For years, you've heard that training yourself or others to a desired habit requires some positive reinforcement--that is, you need a reward to look forward to so your brain squirts out dopamine, you feel good and motivation stays high. And on a basic level, this is 100 percent true.
But maybe you've noticed that Joe Schmoe's performance is waning despite the fact you're telling him every day his work is fabulous.
Or maybe, after being on a diet for a while, that treat you give yourself every single Saturday at 2:45 p.m. has lost its deliciousness.
But....but...rewards are supposed to work...
The issue likely isn't with the reward you're giving, but when you're giving it.
Your brain on randomness
When you give a reward in a very predictable way, your brain, which adores novelty, quickly learns what's coming. It knows exactly what's going to happen, and so the reward centers in your brain essentially say, "Meh, this isn't stimulating enough anymore, I'm bored, and it's not worth pushing the dopamine."
But when you never really know when a reward will land on your desk, the brain can't figure out whether there's a pattern going on. There's no rhyme or reason to getting goodies, so your brain stays curious and is willing to keep the dopamine flowing to see if the expected result happens.
Now, the caveat here is that you cannot start with a totally random reward system. First, you have to teach your brain to make the association between a specific behavior and a given reward. For example, say you want employees to be better about finishing work on time. You could give an employee an extra $50 for finishing a project early, and then make sure to give that same reward for the next half a dozen projects or so that are ahead of schedule.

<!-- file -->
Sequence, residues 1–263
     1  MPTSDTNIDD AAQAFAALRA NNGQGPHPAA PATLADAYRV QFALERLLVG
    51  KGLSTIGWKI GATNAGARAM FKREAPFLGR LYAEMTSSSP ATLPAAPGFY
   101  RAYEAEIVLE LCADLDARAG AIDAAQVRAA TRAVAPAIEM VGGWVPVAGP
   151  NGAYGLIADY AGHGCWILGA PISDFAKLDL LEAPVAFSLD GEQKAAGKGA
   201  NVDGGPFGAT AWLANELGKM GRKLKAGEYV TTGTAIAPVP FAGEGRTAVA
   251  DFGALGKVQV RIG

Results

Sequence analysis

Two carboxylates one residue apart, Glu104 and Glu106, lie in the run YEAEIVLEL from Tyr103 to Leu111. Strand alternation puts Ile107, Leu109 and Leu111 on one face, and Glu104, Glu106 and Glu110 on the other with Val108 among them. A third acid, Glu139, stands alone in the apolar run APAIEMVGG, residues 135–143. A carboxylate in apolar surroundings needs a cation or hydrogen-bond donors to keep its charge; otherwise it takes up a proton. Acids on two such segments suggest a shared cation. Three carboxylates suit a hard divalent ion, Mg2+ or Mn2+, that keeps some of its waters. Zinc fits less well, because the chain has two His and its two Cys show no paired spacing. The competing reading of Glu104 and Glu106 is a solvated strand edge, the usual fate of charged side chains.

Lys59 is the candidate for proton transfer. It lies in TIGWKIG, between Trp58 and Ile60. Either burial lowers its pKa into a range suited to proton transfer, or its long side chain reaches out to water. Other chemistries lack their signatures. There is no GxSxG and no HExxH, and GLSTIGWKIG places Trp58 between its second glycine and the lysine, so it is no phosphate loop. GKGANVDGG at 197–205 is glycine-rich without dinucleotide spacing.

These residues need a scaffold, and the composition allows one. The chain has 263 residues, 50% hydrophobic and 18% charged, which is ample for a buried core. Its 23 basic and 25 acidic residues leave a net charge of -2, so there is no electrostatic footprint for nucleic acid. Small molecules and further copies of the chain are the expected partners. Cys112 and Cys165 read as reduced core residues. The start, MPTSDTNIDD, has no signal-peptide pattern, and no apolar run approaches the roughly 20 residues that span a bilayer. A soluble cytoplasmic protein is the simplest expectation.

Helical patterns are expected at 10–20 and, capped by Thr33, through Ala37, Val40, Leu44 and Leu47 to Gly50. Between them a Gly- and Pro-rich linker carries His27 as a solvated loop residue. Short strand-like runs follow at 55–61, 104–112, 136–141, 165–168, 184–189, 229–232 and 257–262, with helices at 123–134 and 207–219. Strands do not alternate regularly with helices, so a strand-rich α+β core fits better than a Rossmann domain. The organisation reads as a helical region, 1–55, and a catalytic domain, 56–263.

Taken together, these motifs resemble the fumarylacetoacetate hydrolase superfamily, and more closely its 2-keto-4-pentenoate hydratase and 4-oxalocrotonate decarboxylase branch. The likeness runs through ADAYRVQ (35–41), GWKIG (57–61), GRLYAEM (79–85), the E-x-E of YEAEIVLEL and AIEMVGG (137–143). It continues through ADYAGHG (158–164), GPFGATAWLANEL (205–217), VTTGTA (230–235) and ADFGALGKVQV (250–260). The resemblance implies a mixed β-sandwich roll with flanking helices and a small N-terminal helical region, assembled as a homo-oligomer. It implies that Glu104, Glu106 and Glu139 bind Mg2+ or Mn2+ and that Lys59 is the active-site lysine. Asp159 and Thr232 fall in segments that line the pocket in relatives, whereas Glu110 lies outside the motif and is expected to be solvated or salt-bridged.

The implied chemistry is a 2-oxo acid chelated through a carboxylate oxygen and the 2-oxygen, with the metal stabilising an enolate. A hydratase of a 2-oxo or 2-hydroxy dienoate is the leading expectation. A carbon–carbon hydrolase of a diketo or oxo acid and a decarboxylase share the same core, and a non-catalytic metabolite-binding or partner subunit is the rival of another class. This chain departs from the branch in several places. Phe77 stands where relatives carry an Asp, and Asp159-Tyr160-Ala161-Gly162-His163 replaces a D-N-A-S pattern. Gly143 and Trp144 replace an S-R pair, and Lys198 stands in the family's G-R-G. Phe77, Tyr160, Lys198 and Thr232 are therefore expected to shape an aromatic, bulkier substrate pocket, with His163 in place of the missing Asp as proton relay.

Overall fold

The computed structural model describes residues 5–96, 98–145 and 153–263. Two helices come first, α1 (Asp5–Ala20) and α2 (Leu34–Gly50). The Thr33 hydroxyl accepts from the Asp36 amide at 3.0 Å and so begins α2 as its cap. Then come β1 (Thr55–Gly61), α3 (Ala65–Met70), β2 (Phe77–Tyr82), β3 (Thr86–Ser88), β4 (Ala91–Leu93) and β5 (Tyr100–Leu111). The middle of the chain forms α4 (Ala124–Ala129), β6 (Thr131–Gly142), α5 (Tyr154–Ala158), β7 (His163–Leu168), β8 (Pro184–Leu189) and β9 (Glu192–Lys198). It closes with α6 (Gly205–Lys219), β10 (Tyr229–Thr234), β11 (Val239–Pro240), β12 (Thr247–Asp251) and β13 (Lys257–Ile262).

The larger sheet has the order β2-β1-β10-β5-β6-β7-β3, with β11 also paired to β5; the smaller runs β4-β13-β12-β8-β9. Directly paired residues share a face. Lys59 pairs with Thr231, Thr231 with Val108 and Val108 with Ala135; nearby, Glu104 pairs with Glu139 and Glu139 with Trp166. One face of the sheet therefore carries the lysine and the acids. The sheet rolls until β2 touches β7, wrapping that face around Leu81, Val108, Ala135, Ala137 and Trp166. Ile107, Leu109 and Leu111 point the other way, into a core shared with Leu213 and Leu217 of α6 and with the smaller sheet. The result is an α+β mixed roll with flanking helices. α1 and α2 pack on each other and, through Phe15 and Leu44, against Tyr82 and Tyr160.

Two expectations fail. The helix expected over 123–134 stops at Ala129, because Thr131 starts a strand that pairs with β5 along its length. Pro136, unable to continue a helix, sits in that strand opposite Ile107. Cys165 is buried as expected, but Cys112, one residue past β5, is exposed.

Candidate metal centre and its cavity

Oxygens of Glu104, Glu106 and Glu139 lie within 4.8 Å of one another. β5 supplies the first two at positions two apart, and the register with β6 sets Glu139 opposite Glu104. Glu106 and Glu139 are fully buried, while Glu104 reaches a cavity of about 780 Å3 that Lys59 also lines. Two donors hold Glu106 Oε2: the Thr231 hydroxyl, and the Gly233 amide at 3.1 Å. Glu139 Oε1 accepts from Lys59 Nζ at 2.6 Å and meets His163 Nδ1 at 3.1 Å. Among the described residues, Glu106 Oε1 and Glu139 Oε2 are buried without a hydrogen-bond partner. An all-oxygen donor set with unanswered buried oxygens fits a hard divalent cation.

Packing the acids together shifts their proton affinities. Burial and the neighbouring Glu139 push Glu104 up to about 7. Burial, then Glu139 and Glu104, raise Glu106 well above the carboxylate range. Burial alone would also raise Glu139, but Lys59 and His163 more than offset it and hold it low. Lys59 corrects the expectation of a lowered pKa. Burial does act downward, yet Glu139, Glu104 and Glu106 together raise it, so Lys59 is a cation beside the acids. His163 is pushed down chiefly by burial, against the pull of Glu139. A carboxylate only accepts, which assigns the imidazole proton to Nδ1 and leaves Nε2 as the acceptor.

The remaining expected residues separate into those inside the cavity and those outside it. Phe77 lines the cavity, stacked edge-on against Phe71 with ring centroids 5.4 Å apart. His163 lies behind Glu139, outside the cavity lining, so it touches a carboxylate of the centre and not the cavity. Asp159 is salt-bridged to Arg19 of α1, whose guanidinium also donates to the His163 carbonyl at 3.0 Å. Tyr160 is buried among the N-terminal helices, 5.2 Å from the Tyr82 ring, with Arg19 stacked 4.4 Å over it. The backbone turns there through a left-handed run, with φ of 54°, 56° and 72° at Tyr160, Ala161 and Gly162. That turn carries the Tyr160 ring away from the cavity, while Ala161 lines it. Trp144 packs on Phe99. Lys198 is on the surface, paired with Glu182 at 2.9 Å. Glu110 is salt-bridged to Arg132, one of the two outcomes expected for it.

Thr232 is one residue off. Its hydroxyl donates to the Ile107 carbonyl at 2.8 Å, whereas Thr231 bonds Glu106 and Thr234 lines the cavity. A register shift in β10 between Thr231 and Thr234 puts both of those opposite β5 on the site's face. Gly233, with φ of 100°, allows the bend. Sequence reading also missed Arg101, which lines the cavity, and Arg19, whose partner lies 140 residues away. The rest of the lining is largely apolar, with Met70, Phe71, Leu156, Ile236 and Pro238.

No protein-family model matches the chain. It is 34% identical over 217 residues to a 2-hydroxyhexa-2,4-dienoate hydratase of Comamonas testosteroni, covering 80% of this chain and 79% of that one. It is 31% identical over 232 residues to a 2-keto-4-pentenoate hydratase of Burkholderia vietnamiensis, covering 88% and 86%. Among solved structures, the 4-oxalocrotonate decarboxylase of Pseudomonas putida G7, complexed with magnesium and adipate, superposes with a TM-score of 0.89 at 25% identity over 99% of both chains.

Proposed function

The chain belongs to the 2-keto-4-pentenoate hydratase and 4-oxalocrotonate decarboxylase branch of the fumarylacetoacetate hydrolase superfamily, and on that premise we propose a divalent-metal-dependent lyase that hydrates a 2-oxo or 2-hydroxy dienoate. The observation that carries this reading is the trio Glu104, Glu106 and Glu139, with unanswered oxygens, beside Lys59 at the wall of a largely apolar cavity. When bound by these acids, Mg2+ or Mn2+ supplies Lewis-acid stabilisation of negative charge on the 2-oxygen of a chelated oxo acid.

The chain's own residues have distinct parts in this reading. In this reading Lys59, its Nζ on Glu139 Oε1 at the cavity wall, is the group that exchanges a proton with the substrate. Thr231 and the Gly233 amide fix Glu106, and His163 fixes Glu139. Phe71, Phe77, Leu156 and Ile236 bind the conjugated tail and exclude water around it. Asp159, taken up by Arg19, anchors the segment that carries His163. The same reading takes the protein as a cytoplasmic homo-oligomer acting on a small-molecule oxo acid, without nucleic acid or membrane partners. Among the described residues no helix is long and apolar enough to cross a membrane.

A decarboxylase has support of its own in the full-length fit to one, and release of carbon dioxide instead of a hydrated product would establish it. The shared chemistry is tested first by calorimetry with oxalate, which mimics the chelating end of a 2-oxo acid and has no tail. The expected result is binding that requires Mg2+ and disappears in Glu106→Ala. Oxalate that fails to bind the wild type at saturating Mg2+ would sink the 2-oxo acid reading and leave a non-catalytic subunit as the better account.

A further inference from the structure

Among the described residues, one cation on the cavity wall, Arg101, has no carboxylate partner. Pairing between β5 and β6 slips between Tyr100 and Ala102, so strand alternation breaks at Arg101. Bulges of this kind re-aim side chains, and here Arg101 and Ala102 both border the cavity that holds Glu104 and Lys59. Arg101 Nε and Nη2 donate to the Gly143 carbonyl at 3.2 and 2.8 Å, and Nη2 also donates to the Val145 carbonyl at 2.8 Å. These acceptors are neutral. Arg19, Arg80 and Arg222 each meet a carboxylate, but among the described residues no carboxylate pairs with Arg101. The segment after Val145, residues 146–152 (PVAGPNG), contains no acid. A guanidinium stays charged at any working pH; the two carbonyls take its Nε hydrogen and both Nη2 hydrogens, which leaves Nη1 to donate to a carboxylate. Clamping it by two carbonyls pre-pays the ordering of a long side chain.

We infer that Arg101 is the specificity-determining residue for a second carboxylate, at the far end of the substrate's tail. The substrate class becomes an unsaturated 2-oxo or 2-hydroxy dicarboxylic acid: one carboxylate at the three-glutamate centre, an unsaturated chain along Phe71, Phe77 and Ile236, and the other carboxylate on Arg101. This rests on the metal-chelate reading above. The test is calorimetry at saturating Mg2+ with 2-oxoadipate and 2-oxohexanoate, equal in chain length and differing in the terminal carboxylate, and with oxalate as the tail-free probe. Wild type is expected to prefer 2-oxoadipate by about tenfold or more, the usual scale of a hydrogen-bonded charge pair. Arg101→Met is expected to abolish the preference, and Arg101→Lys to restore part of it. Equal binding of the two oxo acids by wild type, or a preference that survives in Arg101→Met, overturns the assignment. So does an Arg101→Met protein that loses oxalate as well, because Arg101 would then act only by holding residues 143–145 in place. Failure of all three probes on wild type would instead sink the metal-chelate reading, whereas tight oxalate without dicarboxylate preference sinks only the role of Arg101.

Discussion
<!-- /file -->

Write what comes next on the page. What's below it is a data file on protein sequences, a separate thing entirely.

But once the association is clear, it's time to shake it up. Because your employee has learned that work finished early gets a bonus, you can start giving the rewards intermittently. Your employee will keep trying to work fast, because although they don't get a "win" every time, they still get occasional confirmation that a win can happen and that the pre-learned association hasn't broken down. To their brain, it's still worth trying.
If this "variable ratio schedule" system seems a little familiar, it should--casinos use it to keep you coming back to the slots over and over. And psychologist B.F. Skinner, who researched different reward schedules, found that this approach gets people doing the desired behavior more often than any other. What's more, he also found that it yields behaviors that are stickier--that is, that are harder to stop--even when the rewards aren't coming anymore.
The dark side of no predictability
Importantly, while there are dozens of ways to use intermittent rewards positively, it's not uncommon for less scrupulous people to use them manipulatively. For example, a toxic boss might treat you fabulously when you first join their business, teaching you to expect kindness. Over time, though, they might start treating you worse and worse, always showing on praise and opportunity every time it looks like you might actually leave.
And from another perspective, intermittent reward connects to your view of risk. For example, you might cognitively understand that the stock market isn't a sure bet. But if you've constantly received good returns, you likely will be more willing to put money into shares and ignore market warnings, because the reward of profit has happened to you so often.
The bottom line is, consistent, predictable rewards are best for establishing new habits. Intermittent rewards are best for ensuring you continue those habits over time. Always be aware of and open about what the goals are and make sure that you and others are using intermittent reward for the right purpose.